Shanghai FORUM 2019丨Zhu Wei: Reimagining the consumer market in the age of AI in Asia

Author: Release date:2020-01-10 16:55:21Source:+Add to My Favorites

Zhu Wei, Senior Managing Director, Chairman of Accenture Greater China

Reimagining the consumer market in the age of AI in Asia

Distinguished guests:

        Good morning!

It's a pleasure to attend the 2019 Shanghai Forum on behalf of Accenture, and it's an honor to be invited by Fudan University. This morning, it has been mentioned repeatedly that our world is going through an unpredictable change, which we would all agree as a major reason why we are here today. The change is reflected in various factors, including globalization, protectionism, China's emergence, populism, population transfer and so on, among which the grand leap of digital technology, as well as its transformative impact on business, economic and social community, stands at the center of attention for me and my colleagues, because it is closely connected to Accenture's business and all Chinese enterprises.

A simple briefing about Accenture. We are the only large management consulting and technology service company among Global Fortune 500. Instead of manufacturing or marketing hardware and software, we offer end-to-end service from corporate strategy to operation, including strategy planning and business restructuring, management and operation transformation, digital and IT services, BPO and outsourcing. For over three decades in China, we have provided a range of services to Chinese enterprises and supported their development. We are constantly working on how to truly understand the transformation brought by digital technology and how to seize opportunities in face of challenges. Tomorrow morning, Accenture and Fudan University will host a parallel forum “Reinvention of Industry”, and we welcome you to join us in exploring the journey on industry digital transformation. Today we'll share with you the leadership challenge posed by the transformation to policy makers, non-governmental organizations and corporate directors, with a focus on artificial intelligence.

To begin with, the chart above shows China's recent economic development. Frankly speaking, China's economy has taken off into a rosy domain through 40 years of reform and opening-up, but we also realize that the growth drivers in the past are losing momentum. Capital and labor alone cannot drive sufficient growth in China. The growth rate of fixed asset investment has dropped from high periods of around 30 percentage points to barely one percentage point last year. With an increasingly aging population, China is losing strength on its labor force. It is estimated that China's population of working age will shrink in the next 15 years. However, we also see hope in technological breakthroughs which continuously reshape the normal, creating new productivity and indefinite possibilities. The technology waves starting from 1950s have made huge difference on business, economy, and society, and we can see that the seventh wave is triggered by artificial intelligence. According to Accenture's research, AI has the potential to increase China's annual GDP growth rate by 1.6 percentage points until 2035, which is 7 trillion US dollars in total, and enhance China's labor efficiency by 27%. All these figures prove that AI is booming in China and will play a leading role in many industries, as China's investment and financing in AI and the number of AI patents already top the world. Since AI development requires abundant data, China has generated obvious strength in data accumulation. In all walks of life, China's big data volume is 5 to 300 times more than that of the US. Besides, AI has greatly facilitated corporate operation. For example, it helps subsidiaries of Ping An Group to filter out risky loans, and reduce 1000-hour human work on reviewing legal documents to a day. It also helps transnational firms including J&J and Accenture to choose the best candidate for the job.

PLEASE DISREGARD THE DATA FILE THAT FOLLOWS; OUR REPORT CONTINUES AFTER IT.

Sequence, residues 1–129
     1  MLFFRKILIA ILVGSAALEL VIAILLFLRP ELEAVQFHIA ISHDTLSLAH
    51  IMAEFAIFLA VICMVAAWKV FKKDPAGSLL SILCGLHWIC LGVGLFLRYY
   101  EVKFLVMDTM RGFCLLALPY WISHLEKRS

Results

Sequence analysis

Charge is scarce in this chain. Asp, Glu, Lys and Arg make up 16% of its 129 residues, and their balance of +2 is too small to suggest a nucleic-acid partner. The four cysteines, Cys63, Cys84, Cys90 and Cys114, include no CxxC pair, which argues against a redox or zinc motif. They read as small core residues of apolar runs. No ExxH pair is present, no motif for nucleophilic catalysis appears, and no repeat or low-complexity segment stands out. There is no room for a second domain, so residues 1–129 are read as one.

However, we also found that people have different assumptions and fear towards the future of AI. The pessimistic view that AI is very likely to replace human beings is misleading and harmful in the short term. Gartner predicts that until 2020, AI enhancement technology will bring a commercial value of 9 trillion US dollars and cut 6200 million working hours, creating 2,300,000 jobs while only swallowing 1,800,000. Accenture has worked hard to find out the reason, and it turns out that AI will not substitute human beings, but rather complement us through collaborative intelligence, which we learn from enterprises benefited from the use of AI. According to our research, human and machine have different strengths, yet the lack of collaboration forms a “missing middle” here in between. Once we discover the missing piece and achieve the interaction between human and machine, this middle area will create many new jobs and release humans from works that are complex, dangerous or dull, offering them more opportunities and energy to do more interesting jobs. For example, coal mine giant Rio Tinto uses AI to operate mechanical equipment such as drilling rig, excavator and bulldozer, which prevents human operators from working in dangerous mining conditions. The company can collect sensor data from remote devices, which allows it to monitor the equipment more efficiently and safely. Also, at Accenture worldwide, nearly 17,000 jobs were replaced by automatic technologies. But at the same time, we have trained 180,000 staff in a year and a half through a new technology platform, enabling them with new skills and expertise.